Copyright James Thomson 2011

Participants venture into the forest to stare at trees for ten minutes

At the end of the session Eric informed us all that it was the image of a dancing woman which eventually emerged for Madimoma during his youth. It’s probably too late in the night to figure out the significance of that particular metaphor though, so I will leave you with my quote of the day by William Trahern, voiced during this mornings session by a participant.

“Why do we do all the things we do, when we can just sit under a tree?”

– James

Strange visitors in the night

We’ve downloaded some amazing footage of Roe deer recorded on Rick Minter’s infrared camera-trap set up last Friday. You might even notice the young one hanging out the back. Our camp-site manager Ben is going to be taking a group out into the forest shortly to lay down some extra bate to see what else we can capture. Rick informs me that lavender oil (the type you might pour into a hot bath for a relaxing soak) works the best for this. Let’s see what tomorrow has in store, hopefully the live music tonight from Tim Hill on sax and Sue Mo on banjo will bring them all running.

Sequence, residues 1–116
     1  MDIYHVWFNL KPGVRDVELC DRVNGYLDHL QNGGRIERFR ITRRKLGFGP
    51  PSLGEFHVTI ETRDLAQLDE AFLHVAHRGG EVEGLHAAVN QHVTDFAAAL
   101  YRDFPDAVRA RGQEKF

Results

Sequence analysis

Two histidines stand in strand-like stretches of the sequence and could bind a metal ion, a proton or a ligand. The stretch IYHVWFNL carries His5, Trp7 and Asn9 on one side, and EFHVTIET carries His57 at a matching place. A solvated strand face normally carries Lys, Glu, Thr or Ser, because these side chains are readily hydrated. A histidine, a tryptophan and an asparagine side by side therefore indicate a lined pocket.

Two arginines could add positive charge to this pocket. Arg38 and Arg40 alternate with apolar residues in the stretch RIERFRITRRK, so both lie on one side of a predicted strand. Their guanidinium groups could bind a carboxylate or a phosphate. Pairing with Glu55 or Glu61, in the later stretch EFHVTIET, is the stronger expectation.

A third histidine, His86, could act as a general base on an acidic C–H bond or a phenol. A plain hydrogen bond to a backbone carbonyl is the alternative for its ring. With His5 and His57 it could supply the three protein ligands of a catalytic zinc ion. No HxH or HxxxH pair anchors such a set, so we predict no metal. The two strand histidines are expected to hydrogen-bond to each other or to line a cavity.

Houston. Do you read me?

After a 400mile car trip, three slightly more enjoyable train journeys and a few stops at some relatives along the way, I’ve arrived at the Woodland Edge. Setting up my blogstation earlier on it was a bitter-sweet feeling of relief when I plugged in my dongle wireless device and discovered I was still connected to the world-wide-web somehow… I was kind of hoping the thing would fail on me so I could make the most of this unusually brilliant English weather, but there was no such luck today. According to this 3G coverage map below, the only place I’m likely to escape internet access is in the deepest darkest forest.